With a “new era of sustainability”—as Nielsen once described it—supplanting an older, less enlightened one, retailers are changing the way they communicate with their customers.
Since 2017, retail products described using sustainable buzzwords such as “eco” and “recycled” have seen a “marked increase” online in the United States and United Kingdom, according to Edited, a retail-decision platform based in London, New York and San Francisco. Overall, new products described as “sustainable” in those markets have increased by 125 percent.
Edited also found a 49 percent growth in “eco” products and a 173 percent increase in “recycled” goods. Environmentally adjacent terms witnessed an uptick, too, with a 25 percent growth in items described as “conscious” and a 70 percent boost in those labeled “vegan.”
“With sustainable and eco initiatives hitting the headlines daily, there [has been] a gradual increase in mentions of sustainability,” Edited wrote in its “Sustainable Edit 2019” report. The trend dovetails with peaking consumer interest in sustainability, Edited noted, with an average of 90,500 Google searches for the term per month in the United States alone.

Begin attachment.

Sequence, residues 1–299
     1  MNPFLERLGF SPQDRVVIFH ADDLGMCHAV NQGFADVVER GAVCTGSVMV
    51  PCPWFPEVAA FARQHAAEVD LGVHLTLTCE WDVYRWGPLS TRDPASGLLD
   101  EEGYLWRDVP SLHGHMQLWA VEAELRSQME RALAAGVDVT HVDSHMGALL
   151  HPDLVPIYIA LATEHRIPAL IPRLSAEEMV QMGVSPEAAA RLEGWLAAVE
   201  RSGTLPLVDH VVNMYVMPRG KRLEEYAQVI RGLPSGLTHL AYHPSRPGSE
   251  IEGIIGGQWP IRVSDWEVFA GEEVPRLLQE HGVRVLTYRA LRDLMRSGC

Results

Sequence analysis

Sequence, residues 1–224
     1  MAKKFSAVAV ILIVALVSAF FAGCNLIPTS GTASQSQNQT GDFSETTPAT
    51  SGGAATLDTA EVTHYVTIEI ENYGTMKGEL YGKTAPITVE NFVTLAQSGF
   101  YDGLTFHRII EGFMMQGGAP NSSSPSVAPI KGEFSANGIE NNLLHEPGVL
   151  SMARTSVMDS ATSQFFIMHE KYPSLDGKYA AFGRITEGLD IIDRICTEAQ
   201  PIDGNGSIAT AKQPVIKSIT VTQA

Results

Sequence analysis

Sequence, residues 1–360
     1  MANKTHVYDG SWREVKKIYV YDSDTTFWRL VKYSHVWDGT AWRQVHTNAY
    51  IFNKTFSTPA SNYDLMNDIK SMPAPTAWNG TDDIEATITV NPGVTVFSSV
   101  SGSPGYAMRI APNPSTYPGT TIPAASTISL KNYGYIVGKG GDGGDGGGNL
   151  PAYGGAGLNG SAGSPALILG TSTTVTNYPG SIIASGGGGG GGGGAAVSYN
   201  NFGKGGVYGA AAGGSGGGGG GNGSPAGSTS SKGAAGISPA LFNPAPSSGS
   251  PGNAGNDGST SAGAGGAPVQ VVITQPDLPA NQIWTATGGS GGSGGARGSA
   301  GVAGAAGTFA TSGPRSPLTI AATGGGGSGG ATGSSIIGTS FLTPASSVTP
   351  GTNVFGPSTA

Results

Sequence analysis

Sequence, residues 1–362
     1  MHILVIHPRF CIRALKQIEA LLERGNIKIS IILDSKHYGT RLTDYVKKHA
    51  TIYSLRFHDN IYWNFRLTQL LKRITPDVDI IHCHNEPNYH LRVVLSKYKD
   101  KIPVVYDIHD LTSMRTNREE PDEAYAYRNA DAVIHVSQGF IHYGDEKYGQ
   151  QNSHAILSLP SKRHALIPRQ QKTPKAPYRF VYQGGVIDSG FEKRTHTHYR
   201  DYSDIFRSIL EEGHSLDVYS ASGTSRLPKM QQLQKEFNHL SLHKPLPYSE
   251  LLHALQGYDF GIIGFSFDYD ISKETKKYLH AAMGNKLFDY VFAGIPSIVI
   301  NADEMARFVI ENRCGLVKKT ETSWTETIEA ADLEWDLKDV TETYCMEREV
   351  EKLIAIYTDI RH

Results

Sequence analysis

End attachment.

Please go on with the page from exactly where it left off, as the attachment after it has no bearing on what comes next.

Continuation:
“Retail products described using these key buzzwords have seen a marked increase as retailers and brands take it upon themselves to educate consumers about their sustainable options,” it added.
Still, despite what may appear to be “significant strides” by the fashion industry, Edited cautioned its numbers don’t reveal the whole picture. To wit? Such planet-pandering products account for only 3 percent of the products available online in the United States and United Kingdom.
Because terms like “sustainable” and “eco” are unregulated and can be freely misused, looking at an item described by a retailer as such “doesn’t give consumers a whole lot of insight on why it is better for the environment than any other,” Edited said.
That’s not to say shifts aren’t happening—you just have to dig deeper. Edited found an 83 percent increase in U.S. products containing organic cotton and a 127 percent increase in U.K. ones since 2017. In terms of “better cotton” from the Better Cotton Initiative, gains were more dramatic: 1,031 percent year on year in the United States and 887 percent in the United Kingdom. Incidences of “recycled denim” have likewise intensified since 2017, with a 720 percent increase in products tagged as such sold in the United States and a 337 percent one in the United Kingdom.
“Due to the huge amount of pollution denim production has caused the environment, retailers are seeking eco-friendly alternatives,” Edited said.
And consumers, by and large, are willing to shell out for the often higher cost of sustainable apparel, the firm said. Take, for example, Los Angeles’ Reformation, which sells through the majority of its SKUs in an average of 38 days—a rate Edited describes as “on par” with budget fast-fashion brands such as Fashion Nova.
“[Our] data indicates, despite pricing perceptions, customers are willing to pay for an eco-friendly product, provided it is fashionable,” Edited added.